Friday, April 17, 2009

Cries For Help: Does your cat want a feline friend or just more attention from YOU?

By Daniel Quagliozzi


Have you ever lived with two cats and then suddenly one passes away, leaving one behind, moping around in a state of depression and crying out incessantly? If it wasn't hard enough to deal with the loss yourself, your cat is amplifying the situation with disorientation, neediness and late night sleep disruptions. Some say this is a cat's way of mourning the loss, while others may say your cat is looking to fill the emptiness with more affection, play sessions and acknowledgment from YOU.

What is your cat trying to tell you?

When is it the right time to add another cat to your home?

What should you do to fill the void?


It has been said that cat's get used to common smells in their homes and when another member of the household dies, even a human companion, the cats can sense the change and react accordingly. The process of grieving can vary among cats just like it does with humans. Some of them bounce back overnight while others may take months to recover.

The best thing you can do is keep things as routine as possible. Don't rock the boat any more than it already is.

Keep your feeding schedule, playtime and petting interactions very predictable. If your cat can predict your every move, they will adapt to the change faster than if things were inconsistent.

Reduce stress through exercise! It's truly amazing what a good exercise regiment can do to bring down stress levels. I know I feel better after I come home from the gym. Cats are no different! Wave that cat dancer around and get your cat chasing a favorite toy as much as possible!


If you notice that things are calming down at home, due to the increased attention that your cat is receiving , it may be ok to let them fly solo for a while. Perhaps it was YOU that they wanted all to themselves now that their feline friend is gone.

Think about the impact that you have on your cat. If you are lucky enough to be working these days, it's understandable that you may want to relax and take a load off when you get home. Don't forget that your arrival is a huge part of your cats day. While you're at work, school or the park, your cat is probably home sleeping. Make you time together count!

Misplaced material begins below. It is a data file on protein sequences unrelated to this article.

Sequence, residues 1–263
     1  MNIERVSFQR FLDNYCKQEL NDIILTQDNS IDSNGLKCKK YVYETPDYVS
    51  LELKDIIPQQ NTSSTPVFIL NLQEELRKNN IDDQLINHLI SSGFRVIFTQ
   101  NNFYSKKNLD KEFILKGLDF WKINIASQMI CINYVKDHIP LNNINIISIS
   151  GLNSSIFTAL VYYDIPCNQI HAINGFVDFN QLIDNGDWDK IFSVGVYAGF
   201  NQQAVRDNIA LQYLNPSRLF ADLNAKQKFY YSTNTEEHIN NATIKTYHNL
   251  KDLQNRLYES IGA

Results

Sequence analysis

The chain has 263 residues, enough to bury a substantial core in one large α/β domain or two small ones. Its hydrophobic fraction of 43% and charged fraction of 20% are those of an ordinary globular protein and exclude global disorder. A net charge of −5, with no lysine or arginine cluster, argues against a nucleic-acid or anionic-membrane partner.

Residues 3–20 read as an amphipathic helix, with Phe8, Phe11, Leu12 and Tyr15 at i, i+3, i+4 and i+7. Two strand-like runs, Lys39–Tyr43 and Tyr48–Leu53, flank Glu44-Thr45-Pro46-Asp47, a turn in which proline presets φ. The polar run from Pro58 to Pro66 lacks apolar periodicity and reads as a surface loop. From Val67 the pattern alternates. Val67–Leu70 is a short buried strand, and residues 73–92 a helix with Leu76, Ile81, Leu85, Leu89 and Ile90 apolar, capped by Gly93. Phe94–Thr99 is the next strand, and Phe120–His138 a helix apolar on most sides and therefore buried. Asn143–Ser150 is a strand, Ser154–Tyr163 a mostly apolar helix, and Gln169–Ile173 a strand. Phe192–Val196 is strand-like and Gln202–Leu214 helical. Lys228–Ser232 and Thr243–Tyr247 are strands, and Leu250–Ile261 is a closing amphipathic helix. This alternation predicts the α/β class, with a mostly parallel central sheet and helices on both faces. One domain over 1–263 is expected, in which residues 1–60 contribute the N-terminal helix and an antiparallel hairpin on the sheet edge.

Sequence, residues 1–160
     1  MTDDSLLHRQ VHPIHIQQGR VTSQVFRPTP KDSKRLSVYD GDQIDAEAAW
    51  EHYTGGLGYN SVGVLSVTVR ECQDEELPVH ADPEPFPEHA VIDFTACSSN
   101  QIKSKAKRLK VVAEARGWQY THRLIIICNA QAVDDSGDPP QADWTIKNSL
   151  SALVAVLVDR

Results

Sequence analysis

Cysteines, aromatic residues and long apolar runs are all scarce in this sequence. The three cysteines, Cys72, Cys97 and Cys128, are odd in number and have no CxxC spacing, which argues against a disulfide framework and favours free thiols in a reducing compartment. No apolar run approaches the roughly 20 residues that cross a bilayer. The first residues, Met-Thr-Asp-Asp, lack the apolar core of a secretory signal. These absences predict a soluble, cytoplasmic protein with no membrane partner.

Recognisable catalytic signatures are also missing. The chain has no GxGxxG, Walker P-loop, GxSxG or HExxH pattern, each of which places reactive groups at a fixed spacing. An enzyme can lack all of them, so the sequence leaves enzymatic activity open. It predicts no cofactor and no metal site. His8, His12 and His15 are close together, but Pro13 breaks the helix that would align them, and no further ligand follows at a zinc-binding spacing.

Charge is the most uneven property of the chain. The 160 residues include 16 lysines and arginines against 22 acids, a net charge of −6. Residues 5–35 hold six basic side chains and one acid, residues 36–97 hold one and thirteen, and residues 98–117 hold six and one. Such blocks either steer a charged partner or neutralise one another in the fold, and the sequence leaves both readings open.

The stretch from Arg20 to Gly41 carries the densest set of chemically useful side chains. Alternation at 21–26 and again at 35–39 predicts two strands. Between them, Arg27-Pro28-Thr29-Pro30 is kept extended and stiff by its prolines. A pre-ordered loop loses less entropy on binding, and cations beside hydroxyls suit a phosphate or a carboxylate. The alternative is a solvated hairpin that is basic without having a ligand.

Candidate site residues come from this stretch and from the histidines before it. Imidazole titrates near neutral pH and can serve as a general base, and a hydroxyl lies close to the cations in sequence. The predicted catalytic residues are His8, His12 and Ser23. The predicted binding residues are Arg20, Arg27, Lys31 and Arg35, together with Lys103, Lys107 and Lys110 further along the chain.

Then again....there's this scenario:

You've tried everything you can think of to make your cat happy and now you are concerned that kitty needs a playmate. Always take age and medical concerns into consideration before attempting to add a cat that is younger or close in age. Some older cats may be overwhelmed by the addition of a kitten or young adult. After all, they may be crying out for the company of their long lost friend, not some punky and energetic teenage kitten. Imagine a senior citizen is suddenly asked to be room mates with an 18 year old drum player. It's not a welcome surprise.

Try to pair your cat with another one that has similar characteristics. The gender of the cat is not always a factor, but many people will tell you many different things regarding this. In the shelter, we have the most luck pairing confident neutered males. Again, this is not a guideline to follow, just an anecdotal statement. It truly is the luck of the draw sometimes.


Having more than one kitty is definitely a bonus, not only for your cats well being and your own ,but also for shelters all across America. Pairing cats is strongly encouraged to eliminate over-population. If all the cards are falling in the right place and the time is right to add a cat, we will applaud your decision. Be sure to ask your local animal shleter or rescue about cat's that have been paired successfully in their care. This can be a predictive way to see if it will work in your own home.

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